Synopses & Reviews
The relationship between insight practice (vipassana) and the attainment of the four jhanas (i.e. right samadhi) is a key problem in the study of Buddhist meditation. The four jhanas have been misunderstood by inaccurate interpretations of key terms in Buddhist psychology and philosophy and there have been oversights of important aspects of the meditation process.
This book offers a fresh look at this important element of Buddhist meditation theory and provides a novel map of the theoretical progress of meditation according to the early Buddhist texts in Pali. By carefully analyzing the descriptions of the four jhanas in the early Buddhist texts, their contexts, associations and meanings within the conceptual framework of early Buddhism, the relationship between this central element in the Buddhist path and insight meditation becomes revealed in all its power.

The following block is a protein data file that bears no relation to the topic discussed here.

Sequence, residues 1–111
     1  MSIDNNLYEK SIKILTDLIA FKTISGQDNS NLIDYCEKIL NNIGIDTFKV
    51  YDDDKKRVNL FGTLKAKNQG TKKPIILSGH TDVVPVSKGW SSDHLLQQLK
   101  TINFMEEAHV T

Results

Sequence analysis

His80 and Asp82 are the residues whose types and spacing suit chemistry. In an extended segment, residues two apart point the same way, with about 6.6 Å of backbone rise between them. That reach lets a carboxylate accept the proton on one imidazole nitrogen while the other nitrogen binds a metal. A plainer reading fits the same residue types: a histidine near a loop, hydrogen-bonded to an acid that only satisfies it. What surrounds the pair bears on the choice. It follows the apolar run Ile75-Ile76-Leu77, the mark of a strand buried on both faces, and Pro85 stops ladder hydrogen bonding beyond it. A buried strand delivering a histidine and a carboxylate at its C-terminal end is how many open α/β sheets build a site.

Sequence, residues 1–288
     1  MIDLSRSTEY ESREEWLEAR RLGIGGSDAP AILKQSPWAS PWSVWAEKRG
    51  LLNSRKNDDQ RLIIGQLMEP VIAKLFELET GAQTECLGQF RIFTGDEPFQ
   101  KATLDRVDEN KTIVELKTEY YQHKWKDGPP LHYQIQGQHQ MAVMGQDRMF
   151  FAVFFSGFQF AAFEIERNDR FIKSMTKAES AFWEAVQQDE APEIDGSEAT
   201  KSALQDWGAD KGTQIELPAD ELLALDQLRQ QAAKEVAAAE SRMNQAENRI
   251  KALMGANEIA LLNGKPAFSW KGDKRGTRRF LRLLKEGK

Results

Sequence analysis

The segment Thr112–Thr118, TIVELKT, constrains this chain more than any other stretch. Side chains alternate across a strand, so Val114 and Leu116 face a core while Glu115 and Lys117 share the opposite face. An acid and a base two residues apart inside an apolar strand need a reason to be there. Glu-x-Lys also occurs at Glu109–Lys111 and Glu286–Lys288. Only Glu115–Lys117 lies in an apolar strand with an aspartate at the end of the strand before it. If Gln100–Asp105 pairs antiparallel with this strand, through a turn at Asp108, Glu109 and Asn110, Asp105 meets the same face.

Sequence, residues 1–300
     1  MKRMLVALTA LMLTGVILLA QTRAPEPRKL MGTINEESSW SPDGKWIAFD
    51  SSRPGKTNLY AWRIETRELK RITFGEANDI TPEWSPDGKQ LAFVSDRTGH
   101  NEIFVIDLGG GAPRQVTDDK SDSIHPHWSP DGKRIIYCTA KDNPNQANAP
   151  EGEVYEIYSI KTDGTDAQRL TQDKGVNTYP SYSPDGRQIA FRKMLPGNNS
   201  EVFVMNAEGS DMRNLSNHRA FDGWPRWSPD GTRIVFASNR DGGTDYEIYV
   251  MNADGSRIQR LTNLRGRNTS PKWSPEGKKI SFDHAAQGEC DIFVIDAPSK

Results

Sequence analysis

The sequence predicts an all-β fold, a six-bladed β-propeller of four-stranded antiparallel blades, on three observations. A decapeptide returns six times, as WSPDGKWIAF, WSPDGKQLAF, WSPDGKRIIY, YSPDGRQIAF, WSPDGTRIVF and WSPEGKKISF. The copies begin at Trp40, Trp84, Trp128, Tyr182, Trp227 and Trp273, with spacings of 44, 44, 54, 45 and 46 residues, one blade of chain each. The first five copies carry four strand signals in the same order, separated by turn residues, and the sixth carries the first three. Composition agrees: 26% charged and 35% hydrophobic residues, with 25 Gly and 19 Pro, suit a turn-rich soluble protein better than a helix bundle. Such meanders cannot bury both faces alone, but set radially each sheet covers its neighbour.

Current literature on the phenomenology of the four jhanas and their relationship with the practice of insight' has mostly recapitulated traditional Theravada interpretations. No one to date has offered a comprehensive analysis of the fourfold jhana model independently from traditional explications. Early Buddhist Meditation will be of interest to academics in the field of Buddhist studies, including Buddhist philosophy and practise, Indian philosophy and religions, Asian religions, South Asian studies, contemplative studies and researchers of mindfulness meditation.